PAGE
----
A local attorney will oversee operations of the Lotus at Diamond Head hotel while a lender pursues foreclosure against the Waikiki hotel’s nonprofit owner, Unity House.
A Circuit Court judge appointed Miles Furutani to act as receiver for the property last week after lender MK Pacific LLC argued that an independent administrator should ensure proper handling of income from the boutique 51-room hotel.
MK Pacific claims it is owed $5.9 million on a $5.5 million loan it made to help Unity House buy the hotel in December 2009 for $8.5 million. The loan matured last December, and the lender filed a foreclosure lawsuit in February to repossess the hotel and Unity House’s Waikiki headquarters building that also secures the loan.
The lender has not filed a motion for summary judgment, which a judge would need to approve before a foreclosure auction could be held.
During receivership, Castle Resorts & Hotels, which manages the Lotus, will continue running the hotel.
Unity House unsuccessfully argued against appointing a receiver, but is hopeful that it can refinance its delinquent loan and move ahead with a plan to convert Lotus hotel rooms into condominium units for sale.
"We’re doing our best to pay (MK Pacific) off … and we will," said Jim Boersema, Unity House chairman.
San Mateo, Calif.-based TDA Investment Group Inc. has expressed interest in providing Unity House with a roughly $8 million loan to pay off MK Pacific and help finance the conversion project, according to documents filed in the foreclosure case.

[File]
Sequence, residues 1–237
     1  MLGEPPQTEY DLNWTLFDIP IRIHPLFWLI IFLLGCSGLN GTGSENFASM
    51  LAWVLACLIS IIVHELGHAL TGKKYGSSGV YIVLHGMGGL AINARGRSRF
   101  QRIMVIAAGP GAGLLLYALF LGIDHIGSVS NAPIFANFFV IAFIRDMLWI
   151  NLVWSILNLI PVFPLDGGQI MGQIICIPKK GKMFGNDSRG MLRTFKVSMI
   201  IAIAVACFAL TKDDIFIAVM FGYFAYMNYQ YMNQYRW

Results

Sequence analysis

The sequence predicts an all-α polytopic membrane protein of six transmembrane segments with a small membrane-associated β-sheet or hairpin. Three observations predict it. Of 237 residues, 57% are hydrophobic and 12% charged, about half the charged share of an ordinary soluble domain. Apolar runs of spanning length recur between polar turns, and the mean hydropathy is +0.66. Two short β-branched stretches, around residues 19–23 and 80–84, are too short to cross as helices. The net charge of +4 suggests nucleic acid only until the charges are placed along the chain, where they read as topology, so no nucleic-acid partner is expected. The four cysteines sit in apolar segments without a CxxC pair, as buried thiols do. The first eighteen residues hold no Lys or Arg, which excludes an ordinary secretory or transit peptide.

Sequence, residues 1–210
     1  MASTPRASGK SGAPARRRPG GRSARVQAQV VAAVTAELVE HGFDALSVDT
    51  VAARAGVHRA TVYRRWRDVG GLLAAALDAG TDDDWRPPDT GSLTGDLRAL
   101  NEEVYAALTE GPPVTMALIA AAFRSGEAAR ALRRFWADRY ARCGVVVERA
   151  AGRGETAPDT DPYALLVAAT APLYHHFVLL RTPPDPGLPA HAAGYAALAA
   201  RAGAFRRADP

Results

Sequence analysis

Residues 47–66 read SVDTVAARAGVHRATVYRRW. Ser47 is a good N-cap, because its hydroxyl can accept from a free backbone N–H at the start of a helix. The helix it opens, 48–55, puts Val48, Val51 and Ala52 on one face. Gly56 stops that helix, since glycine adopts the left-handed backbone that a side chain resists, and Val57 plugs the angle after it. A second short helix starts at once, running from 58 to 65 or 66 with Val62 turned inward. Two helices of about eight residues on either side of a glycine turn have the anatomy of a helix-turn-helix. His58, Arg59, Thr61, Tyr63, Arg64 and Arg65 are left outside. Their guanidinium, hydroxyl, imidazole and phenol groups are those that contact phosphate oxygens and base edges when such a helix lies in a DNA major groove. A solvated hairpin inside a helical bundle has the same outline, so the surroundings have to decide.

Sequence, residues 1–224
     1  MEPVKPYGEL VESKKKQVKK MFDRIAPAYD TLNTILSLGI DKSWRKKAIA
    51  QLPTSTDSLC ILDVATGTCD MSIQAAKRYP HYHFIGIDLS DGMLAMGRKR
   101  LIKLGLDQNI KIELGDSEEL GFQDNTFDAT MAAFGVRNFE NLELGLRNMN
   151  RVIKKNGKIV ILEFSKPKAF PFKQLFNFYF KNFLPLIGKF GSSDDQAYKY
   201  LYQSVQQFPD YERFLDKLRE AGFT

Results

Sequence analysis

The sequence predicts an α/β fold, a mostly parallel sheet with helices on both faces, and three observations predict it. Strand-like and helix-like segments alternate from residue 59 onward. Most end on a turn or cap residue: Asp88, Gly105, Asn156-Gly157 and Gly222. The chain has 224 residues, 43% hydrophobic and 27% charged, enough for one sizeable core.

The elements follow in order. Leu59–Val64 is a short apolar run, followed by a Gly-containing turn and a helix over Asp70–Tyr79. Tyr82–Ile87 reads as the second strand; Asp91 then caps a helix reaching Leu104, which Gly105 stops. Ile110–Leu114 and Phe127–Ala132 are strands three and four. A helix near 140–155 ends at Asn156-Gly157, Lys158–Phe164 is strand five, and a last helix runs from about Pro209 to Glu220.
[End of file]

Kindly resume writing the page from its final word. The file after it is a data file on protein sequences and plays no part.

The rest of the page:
TDA, which manages pension fund money, submitted a letter of intent to make the loan, though it could be early May or June before refinancing is finalized if TDA moves forward with the investment.
The condo conversion plan by Unity House contemplates selling the hotel units at the Lotus as condos for around $300,000 apiece to potentially generate $15 million in proceeds.
MK Pacific, whose principals include Roger May and Peter Kuttel, made its loan to Unity House based on the conversion plan that called for Unity House and the lender to split proceeds 50-50 after repayment of investment contributions. Total projected profit was $2 million to $3 million plus keeping ownership of a penthouse and the hotel’s second-floor restaurant and nightclub space.
But the loan matured before Unity House could execute its conversion plan.
The hotel turns a modest profit, according to court filings. Net profit from the Lotus was $291,496 last year, up from $14,100 in 2009.
MK Pacific said in court filings that it doesn’t trust Unity House, which is dealing with financial constraints, to handle hotel income.
Unity House is a 60-year-old nonprofit with investments intended to provide income to fund charitable programs it operates for organized laborers and their families and supporters. But the organization has been forced to suspend several programs over the last couple of years as real estate and stock markets have faltered.
Holding on to the Lotus and profiting from a condo conversion of the property would help the organization restore some of its lost financial strength. The nonprofit also is trying to sell its office building at 1701 Ala Wai Blvd. for $3.9 million.